Matt L. Barron: Markey’s telecommunications law has been harmful

Published: 6/17/2020 3:48:33 PM

During his reelection campaign, Sen. Ed Markey has often bragged about how proud he is of perhaps his most significant legislative accomplishment in his 43 years in Washington — the Telecommunications Act of 1996.

At the time, this law, which was the first major overhaul of telecommunications policy since the Communications Act of 1934, which created the Federal Communications Commission, was supposed to deliver more competition, more diversity, more jobs and lower prices for consumers and ratepayers. It did the exact opposite.

The legislation was supposed to save consumers $550 billion, including $333 billion in lower long-distance rates, $32 billion in lower local phone rates, and $78 billion in lower cable bills. But cable rates have surged by about 50%, and local phone rates went up more than 20%. Industries supporting the new legislation predicted it would add 1.5 million jobs and boost the economy by $2 trillion. By 2003, however, telecommunications’ companies’ market value had fallen by about $2 trillion, and they had shed half a million jobs.

Markey’s law also lifted the limit on how many radio stations one company could own. The cap had been set at 40 stations. It made possible the creation of radio giants like Clear Channel, with more than 1,200 stations, and led to a substantial drop in the number of minority station owners, homogenization of play lists, and less local news. The act also reduced broadcasters’ accountability to the public by extending the term of a broadcast license from five to eight years, and made it more difficult for citizens to challenge those license renewals.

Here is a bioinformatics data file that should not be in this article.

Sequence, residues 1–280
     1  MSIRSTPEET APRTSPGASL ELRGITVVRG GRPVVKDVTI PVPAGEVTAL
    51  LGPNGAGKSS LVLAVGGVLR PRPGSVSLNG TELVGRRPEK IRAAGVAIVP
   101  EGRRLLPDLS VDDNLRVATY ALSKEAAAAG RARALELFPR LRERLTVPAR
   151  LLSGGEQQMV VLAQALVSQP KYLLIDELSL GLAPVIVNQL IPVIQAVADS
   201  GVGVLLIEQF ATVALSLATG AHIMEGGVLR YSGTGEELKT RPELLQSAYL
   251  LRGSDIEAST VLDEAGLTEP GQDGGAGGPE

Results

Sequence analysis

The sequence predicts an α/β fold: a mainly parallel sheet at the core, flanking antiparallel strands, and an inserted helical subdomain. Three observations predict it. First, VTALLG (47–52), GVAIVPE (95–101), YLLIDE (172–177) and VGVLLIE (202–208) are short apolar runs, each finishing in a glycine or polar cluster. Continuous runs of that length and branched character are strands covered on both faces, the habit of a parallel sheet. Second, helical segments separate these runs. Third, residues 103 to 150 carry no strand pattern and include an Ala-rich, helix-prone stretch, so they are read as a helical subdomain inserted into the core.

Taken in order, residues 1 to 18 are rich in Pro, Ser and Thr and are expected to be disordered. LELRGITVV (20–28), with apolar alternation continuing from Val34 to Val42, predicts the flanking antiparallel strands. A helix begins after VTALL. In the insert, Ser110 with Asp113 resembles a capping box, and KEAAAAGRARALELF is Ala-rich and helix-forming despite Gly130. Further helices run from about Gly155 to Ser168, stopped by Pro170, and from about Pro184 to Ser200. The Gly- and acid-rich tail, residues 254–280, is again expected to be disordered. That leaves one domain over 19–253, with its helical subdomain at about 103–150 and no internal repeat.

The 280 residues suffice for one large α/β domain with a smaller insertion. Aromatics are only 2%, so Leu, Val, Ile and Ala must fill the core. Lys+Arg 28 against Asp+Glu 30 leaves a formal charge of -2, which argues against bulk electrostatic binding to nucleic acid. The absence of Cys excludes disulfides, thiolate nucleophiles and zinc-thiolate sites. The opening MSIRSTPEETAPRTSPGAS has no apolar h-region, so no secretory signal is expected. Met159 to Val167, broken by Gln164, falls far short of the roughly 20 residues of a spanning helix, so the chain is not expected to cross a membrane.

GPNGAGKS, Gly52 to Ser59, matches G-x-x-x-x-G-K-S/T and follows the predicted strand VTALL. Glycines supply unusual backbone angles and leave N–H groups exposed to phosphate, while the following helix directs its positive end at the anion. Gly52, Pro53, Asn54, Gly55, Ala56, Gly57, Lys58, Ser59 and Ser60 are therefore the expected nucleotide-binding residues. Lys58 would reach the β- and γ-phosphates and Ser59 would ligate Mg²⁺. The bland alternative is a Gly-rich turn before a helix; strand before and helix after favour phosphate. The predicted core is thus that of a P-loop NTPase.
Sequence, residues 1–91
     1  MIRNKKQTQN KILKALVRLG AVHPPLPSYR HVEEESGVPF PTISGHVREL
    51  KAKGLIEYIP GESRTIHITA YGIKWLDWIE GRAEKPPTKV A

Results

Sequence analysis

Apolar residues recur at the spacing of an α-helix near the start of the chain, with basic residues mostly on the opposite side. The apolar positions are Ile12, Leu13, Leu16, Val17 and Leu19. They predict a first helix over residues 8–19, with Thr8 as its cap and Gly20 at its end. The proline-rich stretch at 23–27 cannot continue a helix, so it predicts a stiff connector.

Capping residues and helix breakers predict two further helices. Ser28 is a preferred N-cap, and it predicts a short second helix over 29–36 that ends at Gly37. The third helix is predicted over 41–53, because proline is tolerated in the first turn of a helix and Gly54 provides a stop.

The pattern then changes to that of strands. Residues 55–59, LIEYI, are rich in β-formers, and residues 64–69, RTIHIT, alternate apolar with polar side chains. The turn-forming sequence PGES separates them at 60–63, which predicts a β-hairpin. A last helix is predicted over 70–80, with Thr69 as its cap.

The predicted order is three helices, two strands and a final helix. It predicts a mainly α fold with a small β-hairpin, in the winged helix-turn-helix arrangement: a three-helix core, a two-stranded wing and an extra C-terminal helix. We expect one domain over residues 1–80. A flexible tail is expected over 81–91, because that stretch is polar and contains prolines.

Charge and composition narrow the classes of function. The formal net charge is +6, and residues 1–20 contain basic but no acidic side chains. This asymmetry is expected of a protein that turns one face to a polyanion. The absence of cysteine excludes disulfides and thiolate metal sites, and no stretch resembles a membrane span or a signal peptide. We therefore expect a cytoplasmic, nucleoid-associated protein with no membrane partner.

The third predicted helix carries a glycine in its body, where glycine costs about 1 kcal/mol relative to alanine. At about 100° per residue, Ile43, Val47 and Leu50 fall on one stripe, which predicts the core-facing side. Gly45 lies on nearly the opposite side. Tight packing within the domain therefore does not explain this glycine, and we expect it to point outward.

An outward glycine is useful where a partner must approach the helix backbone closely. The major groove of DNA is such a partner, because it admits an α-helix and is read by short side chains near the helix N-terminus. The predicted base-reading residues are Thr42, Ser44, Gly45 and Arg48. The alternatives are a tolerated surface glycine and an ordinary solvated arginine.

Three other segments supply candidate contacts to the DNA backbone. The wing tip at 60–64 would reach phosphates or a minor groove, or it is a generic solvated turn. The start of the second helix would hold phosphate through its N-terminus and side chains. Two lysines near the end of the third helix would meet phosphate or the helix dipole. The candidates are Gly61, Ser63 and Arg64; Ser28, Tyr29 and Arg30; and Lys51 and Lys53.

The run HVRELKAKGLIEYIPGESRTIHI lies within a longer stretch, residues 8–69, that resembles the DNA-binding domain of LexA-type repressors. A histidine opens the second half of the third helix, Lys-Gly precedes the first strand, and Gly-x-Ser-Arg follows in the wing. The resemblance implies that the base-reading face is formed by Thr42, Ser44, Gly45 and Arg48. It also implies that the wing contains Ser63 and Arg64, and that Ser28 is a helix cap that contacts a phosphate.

And study after study has documented that profit-driven media conglomerates are investing less in news and information, and that local news in particular is failing to provide viewers with the information they need to participate in their democracy.

Since 1997, just eight of the country’s largest and most powerful media and telecommunications companies, their corporate parents, and three of their trade groups, have spent more than $400 million on political contributions and lobbying in Washington, according to a Common Cause analysis of federal records.

Over the years, the BigTelecoms have poured hundreds of thousands of dollars in campaign cash into Markey’s coffers. Since 1989. AT&T Inc. has donated $119,645, Comcast has contributed $113,487 and DISH Network has ponied up $111,000 to our junior senator, according to data from OpenSecrets.org. Markey is bought and paid for by this lobby.

Here in the Hilltowns (a region of the state that Markey has still never found time to visit), we are still waiting for rural broadband because companies like Verizon won’t make the needed investment. And we are at the mercy of only two satellite TV firms (DirecTV and DISH) who raise their rates with impunity.

On Sept. 1, I’ll be cutting the cord on Markey and casting my vote for U.S. Rep. Joe Kennedy in the Democratic primary for U.S. Senate.

Matt L. Barron lives in Chesterfield.


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